With its dazzling red plumage, conspicuous crest and enticing whistles, the male Northern cardinal is so distinctive it probably needs no introduction. Validating its popularity, seven states claim this songbird as their state bird. No other bird garners such prestige. If you live in cardinal range, you can all but count on attracting them to your feeder with their favorite foods, especially sunflower seeds. And since they're not migratory, once you entice cardinals to your feeder, it’s probable they’ll stay year-round.
Designing the Menu
Once limited to the Southeast, Northern cardinals can be found across the eastern two-thirds of the lower 48 states, as well as parts of New Mexico, Arizona and California. Cardinals feed on a wide variety of seeds, berries and insects. Naturally, they forage on the ground or from low branches, but have adapted well to meals supplied at bird feeders.
In a three-year study of seed and feeder use, project lead David Horn of Millikin University in Decatur, Illinois, reported cardinals were the sixth most common bird found at feeders. Based on the more than 54,000 feeder visits recorded, cardinals -- which were most abundant in the fall and winter months -- overwhelmingly preferred black-oil and striped sunflower seeds and safflower seeds. Millett and corn products were consumed but with a lower preference. These results have been confirmed by the more than 20,000 citizen-scientists participating in Cornell’s ProjectFeeder Watch, an ongoing winter-survey of birds that visit feeders across North America. Besides reporting on what they like to it, participants also report on where they like to eat it: Cardinals feed off the ground or use large hoppers, platform feeders or large tube feeders.
The cardinal's extraordinary red plumage comes from pigments called carotenoids. Animals can’t synthesize these pigments, so they must acquire them from their food. If you want to turn up the dial on your cardinals’ color -- not to mention attract more birds to your backyard -- plant shrubs and foliage that produce fruits high in dietary carotenoids. Generally speaking, those with more colorful berries tend to pack more punch, including Streptopus, Rosa glauca and Polygonatum.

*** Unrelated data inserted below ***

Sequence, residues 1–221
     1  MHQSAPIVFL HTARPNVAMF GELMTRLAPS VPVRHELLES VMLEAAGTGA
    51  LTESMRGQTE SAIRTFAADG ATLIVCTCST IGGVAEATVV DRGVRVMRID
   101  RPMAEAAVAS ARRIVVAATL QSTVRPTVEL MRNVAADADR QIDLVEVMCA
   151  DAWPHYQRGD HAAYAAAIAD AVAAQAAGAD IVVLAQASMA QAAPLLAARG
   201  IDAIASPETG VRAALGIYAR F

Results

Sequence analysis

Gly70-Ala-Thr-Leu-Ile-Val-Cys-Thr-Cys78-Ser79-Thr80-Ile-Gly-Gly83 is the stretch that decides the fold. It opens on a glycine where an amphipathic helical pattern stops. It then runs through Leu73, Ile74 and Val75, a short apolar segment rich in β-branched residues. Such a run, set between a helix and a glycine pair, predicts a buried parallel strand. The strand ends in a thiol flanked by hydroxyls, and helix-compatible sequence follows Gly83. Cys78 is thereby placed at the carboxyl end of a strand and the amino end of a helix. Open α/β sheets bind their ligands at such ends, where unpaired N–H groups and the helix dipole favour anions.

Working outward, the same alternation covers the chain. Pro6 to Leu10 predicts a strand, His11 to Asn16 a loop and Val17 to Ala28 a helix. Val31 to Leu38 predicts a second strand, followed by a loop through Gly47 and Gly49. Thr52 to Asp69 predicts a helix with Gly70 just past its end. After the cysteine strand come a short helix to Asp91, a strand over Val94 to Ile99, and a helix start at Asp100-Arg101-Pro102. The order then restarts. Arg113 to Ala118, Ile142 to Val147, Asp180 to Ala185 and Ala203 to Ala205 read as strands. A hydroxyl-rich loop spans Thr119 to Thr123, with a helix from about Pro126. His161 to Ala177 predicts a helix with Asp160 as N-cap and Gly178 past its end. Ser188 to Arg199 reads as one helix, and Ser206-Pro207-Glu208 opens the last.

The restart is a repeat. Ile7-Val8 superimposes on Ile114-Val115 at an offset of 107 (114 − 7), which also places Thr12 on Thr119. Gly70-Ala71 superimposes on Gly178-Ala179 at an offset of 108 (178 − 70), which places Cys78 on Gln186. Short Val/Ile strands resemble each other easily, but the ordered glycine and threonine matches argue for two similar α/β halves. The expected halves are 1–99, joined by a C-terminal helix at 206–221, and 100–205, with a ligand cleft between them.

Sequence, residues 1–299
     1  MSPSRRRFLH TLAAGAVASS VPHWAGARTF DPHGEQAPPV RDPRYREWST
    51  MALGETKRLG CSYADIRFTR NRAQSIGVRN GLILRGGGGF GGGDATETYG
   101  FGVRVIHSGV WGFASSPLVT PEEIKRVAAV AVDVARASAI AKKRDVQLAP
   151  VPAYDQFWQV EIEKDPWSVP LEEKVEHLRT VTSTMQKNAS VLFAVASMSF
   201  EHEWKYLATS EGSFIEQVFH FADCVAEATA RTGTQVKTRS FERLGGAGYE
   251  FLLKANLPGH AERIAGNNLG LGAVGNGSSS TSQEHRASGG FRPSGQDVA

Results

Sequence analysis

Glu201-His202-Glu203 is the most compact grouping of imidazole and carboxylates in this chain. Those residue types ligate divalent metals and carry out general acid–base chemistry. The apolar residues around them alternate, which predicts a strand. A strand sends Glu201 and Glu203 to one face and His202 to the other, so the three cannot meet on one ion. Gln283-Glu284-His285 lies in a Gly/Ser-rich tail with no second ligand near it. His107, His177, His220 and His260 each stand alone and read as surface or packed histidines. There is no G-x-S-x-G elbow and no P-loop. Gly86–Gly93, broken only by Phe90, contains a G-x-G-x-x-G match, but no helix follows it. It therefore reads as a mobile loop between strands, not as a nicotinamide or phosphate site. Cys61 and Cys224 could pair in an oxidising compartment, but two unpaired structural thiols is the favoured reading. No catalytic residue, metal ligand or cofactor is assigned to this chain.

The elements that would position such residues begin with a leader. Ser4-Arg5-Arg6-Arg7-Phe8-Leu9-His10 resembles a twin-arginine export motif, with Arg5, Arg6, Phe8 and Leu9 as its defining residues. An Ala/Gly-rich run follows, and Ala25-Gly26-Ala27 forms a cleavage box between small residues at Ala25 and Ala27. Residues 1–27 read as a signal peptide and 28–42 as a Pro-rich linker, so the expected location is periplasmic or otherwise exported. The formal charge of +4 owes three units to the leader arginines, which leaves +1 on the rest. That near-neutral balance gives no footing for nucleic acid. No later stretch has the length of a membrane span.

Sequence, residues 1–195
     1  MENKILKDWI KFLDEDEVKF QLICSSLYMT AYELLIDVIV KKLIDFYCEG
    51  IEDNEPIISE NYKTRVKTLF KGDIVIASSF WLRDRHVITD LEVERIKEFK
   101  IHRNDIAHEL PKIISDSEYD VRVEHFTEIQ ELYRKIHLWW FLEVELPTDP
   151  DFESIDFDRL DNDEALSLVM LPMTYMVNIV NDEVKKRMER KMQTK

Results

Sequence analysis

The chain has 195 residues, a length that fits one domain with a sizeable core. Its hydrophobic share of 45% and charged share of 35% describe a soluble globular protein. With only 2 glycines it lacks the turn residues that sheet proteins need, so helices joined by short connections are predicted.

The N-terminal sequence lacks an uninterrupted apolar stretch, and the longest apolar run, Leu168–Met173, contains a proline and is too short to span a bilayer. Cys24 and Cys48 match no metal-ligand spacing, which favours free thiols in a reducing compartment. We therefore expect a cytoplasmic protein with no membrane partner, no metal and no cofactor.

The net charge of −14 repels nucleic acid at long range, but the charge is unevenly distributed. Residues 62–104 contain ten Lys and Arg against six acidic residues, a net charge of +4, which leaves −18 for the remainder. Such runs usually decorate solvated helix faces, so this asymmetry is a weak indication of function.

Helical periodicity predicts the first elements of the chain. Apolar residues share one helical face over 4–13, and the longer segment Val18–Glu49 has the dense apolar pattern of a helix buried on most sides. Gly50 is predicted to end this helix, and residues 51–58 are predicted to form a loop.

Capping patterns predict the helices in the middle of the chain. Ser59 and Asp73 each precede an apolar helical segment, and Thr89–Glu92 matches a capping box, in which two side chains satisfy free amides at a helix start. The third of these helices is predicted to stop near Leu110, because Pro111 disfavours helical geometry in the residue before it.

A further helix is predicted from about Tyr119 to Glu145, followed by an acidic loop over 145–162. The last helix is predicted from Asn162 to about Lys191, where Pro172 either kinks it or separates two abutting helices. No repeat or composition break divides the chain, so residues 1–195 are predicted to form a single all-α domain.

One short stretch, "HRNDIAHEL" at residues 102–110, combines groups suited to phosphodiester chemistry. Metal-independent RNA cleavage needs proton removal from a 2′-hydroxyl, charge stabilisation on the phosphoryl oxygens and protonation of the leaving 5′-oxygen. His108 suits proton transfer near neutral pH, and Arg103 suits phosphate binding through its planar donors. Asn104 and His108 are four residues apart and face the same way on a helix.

Higher levels of red pigments also have been shown to help male cardinals with the ladies. According to results of a three-year field study reported in Behavioral Ecology, redder males secured the best females within the best territories. As a result, redder males produced more offspring during the breeding season.
Birdscaping for Water and Shelter
Shelter For roosting and nesting, cardinals require trees, shrubs, thickets and vines. They're not cavity nesters, so they'll almost never use birdhouses. Rather, they build open-cup nests in vegetation that offers concealment. Though it’s not entirely clear why, native shrubs have been shown to offer better nest protection. One study found cardinal nests in exotic shrubs were twice as likely to fail as those in natives. The Cornell Lab of Ornithology recommends flowering dogwood, serviceberry, wild grape, Virginia creeper and staghorn among others. Besides providing spots for nesting, they offer protection from the elements and predators, as well as summer and fall fruits and seeds.
Water Cardinals seek out clean, fresh water for drinking and bathing, so be sure to incorporate a water feature such as a bird bath or pond into your backyard plans. Like other songbirds, they seems to prefer water at ground level, so place bird baths on or close to the ground, preferably in the shade and near shrubs for a quick getaway. Add stones or branches to allow birds to drink without getting wet. Moving water really seems to draw their attention, so add a dripper or fountain to get even more bang for your buck.
If you’re attracting more cardinals to your feeders, be responsible for reducing common backyard threats, especially:
Collisions: The American Bird Conservancy estimates that 300 million to 1 billion birds die each year from collisions with glass in buildings. Birds can’t differentiate reflections in glass from reality. Take steps to protect birds from your windows, particularly during migration periods or when young are leaving their nests. Move houseplants away from windows, reduce outdoor light use and apply products such as ABC BirdTape to break up reflections.
Predators: Shrubby vegetation and thickets provide cover for birds to avoid predators such as raccoons, hawks and cats. If you thought the death toll from window collisions was high, wrap your mind around this: A 2013-published study in Nature Communications found free-roaming domestic cats kills an estimated 1.3 to 4.0 billion birds annually in the lower 48 states. That’s more than the population of China. If you love your cats, and you care about birds and other wildlife, keep your cats indoors.
Barbara Cozzens has been writing for more than 20 years. Her work has appeared in publications of the Nature Conservancy, the World Bank Group, National Geographic Society, Duke University and others. Cozzens holds a Bachelor of Arts in biology from Colgate University and a Master of Environmental Management from Duke University's Nicholas School of the Environment.